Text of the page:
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Getting Organized: The Paperwork Pileup

The following is a submitted article by reader Seana Turner , the second in a series on getting organized. If you would like to submit material to be published on The Daily Darien, send it to .

Are you drowning in paperwork? This is one of the most common problems I run into as a professional organizer. Even though we are supposedly becoming a "paperless society," there is still a lot of paper out there!

A good place to start is to SORT what is out on surfaces. Gather all of the paperwork, bills, catalogs, schoolwork, etc., that is lying around on tables or counters and put it in a pile on a large clear work surface, such as a kitchen table or island. Then go through piece by piece and make four piles:

1. Trash: If you are tempted to keep an item that you only "might" read later, challenge yourself to pitch it. New reading material has a way of showing up. (Any item with your name and address on it should be shredded. If you don't have a shredder, you can pick one up at Staples for a fair price).

2. Long-term storage: This is for items that you need to be able to find reliably but not often. Examples would be appliance/computer manuals and warranties, previous year tax paperwork, old bank statements, etc. These items can go into banker boxes with labels and put in an attic, basement or closet. Be sure to label the boxes so you can find it when you need it.

3. Short-term storage: These are papers you will need to access regularly. Items would include current receipts, insurance paperwork, current banking paperwork, current contracts with household service organizations, etc. These will need to find a home in a filing system, preferably a file cabinet. If you don't have space for a file cabinet, freestanding file boxes with hanging folders also work well and can sit on the floor of a closet or under a desk.

4. Action items: Any item needing your attention this week can stay out. I like using a pretty folder that matches the décor in my room. This folder should be cleared out weekly, with completed items moving into the short- or long-term storage locations.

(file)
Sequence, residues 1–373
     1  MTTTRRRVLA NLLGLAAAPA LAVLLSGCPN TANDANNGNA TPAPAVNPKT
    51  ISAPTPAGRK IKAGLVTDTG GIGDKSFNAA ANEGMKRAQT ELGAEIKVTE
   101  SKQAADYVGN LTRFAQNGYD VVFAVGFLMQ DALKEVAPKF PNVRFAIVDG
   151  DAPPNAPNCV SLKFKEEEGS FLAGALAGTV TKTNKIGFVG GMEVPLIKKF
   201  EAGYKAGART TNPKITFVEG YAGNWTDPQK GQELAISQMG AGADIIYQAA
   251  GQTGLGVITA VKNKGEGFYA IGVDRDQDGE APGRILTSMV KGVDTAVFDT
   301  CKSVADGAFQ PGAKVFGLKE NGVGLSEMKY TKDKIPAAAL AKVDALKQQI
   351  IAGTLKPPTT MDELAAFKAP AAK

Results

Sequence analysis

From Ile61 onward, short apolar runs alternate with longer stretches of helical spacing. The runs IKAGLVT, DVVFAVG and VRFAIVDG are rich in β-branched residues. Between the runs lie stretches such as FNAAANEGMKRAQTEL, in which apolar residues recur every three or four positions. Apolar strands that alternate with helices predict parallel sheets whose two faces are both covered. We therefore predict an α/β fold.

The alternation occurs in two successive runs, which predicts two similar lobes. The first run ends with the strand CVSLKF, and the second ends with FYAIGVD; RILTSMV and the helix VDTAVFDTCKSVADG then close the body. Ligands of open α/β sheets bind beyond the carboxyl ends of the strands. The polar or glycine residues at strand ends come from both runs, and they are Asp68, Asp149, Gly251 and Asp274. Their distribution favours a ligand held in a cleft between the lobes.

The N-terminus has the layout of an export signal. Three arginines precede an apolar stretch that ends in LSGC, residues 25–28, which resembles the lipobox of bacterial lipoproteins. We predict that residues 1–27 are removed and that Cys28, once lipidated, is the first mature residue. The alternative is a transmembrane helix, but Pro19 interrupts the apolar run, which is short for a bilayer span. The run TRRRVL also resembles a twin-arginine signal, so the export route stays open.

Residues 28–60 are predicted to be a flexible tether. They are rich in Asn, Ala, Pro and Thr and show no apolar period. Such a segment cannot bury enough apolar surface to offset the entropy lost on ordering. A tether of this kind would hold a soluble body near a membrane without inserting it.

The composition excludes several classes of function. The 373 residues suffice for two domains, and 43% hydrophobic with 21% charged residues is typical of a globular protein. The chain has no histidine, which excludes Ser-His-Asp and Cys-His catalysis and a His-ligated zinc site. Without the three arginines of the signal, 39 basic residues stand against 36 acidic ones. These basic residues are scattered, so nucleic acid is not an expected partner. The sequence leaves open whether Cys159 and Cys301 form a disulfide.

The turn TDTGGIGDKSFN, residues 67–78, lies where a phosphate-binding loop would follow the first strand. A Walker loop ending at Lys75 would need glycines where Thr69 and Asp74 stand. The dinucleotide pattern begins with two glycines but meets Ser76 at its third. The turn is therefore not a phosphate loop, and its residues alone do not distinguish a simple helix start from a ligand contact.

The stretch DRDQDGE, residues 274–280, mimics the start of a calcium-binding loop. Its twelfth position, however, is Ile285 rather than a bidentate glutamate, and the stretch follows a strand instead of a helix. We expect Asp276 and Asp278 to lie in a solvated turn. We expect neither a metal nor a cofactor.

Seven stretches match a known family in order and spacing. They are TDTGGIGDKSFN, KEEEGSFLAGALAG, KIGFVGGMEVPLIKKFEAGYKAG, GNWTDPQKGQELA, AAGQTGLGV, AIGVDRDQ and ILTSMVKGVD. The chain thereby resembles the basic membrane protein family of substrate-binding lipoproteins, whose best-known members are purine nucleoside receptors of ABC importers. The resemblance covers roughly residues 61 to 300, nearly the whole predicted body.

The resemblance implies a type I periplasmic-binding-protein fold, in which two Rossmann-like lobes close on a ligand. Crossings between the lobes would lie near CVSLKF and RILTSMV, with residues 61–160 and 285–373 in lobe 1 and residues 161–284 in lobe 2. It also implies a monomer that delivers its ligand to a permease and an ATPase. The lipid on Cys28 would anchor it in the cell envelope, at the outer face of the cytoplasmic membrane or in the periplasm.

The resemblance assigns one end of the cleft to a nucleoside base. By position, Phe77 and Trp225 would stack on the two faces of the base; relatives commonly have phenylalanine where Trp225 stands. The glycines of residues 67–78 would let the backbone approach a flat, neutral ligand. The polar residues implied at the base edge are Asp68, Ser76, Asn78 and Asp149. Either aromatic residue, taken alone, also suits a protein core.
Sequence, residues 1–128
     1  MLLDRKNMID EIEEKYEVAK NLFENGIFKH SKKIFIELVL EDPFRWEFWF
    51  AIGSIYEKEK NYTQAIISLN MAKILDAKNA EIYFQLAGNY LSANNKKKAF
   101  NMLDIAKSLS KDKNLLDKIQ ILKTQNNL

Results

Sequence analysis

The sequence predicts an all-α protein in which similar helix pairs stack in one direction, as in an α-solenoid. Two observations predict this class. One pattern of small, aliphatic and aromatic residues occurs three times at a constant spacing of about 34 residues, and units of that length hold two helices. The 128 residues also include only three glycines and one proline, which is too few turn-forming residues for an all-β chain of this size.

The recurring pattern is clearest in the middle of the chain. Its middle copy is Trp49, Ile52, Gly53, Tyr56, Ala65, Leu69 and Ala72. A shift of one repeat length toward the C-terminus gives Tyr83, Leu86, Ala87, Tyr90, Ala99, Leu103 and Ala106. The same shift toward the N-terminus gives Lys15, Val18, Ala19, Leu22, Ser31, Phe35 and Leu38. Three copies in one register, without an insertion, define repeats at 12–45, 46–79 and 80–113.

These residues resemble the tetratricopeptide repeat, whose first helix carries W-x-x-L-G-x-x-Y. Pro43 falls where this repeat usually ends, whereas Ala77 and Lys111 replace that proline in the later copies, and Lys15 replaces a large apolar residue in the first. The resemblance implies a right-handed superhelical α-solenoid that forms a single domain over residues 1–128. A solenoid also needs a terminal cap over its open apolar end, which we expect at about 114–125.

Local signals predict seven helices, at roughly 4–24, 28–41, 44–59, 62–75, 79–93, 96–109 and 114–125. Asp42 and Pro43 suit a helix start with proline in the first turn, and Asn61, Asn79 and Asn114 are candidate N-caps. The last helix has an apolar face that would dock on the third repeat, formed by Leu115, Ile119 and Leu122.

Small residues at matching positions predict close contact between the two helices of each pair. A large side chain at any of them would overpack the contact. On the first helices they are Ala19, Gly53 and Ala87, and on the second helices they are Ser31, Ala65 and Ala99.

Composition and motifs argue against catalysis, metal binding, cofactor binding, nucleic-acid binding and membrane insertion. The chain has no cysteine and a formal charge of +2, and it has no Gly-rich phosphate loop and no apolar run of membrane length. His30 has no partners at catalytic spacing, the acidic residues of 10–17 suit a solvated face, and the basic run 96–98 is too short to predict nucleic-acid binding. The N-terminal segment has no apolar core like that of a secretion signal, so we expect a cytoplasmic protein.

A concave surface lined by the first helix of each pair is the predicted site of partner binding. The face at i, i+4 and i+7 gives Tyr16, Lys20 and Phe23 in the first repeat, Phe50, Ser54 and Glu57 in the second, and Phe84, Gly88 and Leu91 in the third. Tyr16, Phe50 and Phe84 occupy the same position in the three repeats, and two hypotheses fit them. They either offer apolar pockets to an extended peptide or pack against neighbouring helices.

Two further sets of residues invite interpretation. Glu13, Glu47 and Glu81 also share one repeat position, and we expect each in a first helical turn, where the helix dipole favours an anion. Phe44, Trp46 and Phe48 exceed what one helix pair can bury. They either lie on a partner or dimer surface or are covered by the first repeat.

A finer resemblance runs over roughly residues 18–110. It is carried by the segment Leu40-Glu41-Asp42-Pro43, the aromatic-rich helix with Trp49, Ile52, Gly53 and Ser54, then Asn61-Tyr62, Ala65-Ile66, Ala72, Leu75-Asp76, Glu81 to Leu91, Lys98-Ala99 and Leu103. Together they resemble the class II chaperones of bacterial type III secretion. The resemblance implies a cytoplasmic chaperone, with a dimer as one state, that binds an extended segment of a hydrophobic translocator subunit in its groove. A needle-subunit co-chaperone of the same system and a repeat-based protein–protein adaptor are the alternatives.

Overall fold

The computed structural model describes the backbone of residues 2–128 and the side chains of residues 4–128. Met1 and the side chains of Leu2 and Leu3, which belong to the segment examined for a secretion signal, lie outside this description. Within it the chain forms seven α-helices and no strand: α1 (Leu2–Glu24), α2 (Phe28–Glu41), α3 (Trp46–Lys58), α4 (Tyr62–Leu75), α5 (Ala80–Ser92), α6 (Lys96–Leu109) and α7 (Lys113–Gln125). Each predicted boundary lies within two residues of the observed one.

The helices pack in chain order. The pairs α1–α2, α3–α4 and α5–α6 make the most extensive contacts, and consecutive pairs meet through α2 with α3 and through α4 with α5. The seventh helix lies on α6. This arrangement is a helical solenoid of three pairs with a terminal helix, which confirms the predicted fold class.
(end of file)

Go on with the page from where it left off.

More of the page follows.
Once you have cleared off your surfaces, Step 2 is to go through the same process for paperwork you've conveniently shoved into drawers and cabinets — you know, the stuff that was out when friends were coming over to dinner?

Finally, once you've tackled the paperwork currently in your house, you need to keep the pileup from reappearing. THIS IS KEY: Establish an "invisible fence" through which no paperwork moves without permission. Ideally, you want to find a space not far from the door where the mail comes in. Every day (yes, every day!) go through the paperwork that has arrived and sort it into one of the four categories. Once again, if you are tempted to keep a catalog, resist the urge. Read through the magazines right away, and tear out any pages you'd like to keep. These can go into your short-term storage under files such as "decorating ideas," "craft projects" and "summer activities." Items you want to purchase can move into your Action Items file.

I realize that to some of you this sounds like torture. If so, consider setting aside a full day for the initial sort, and then rewarding yourself with dinner out or a favorite movie. If the task still seems too daunting, you can always hire an organizer to help you get started.

Next week: No more forgotten items.

Seana Turner

Professional Organizer

The Seana Method

Freedom Through Organization


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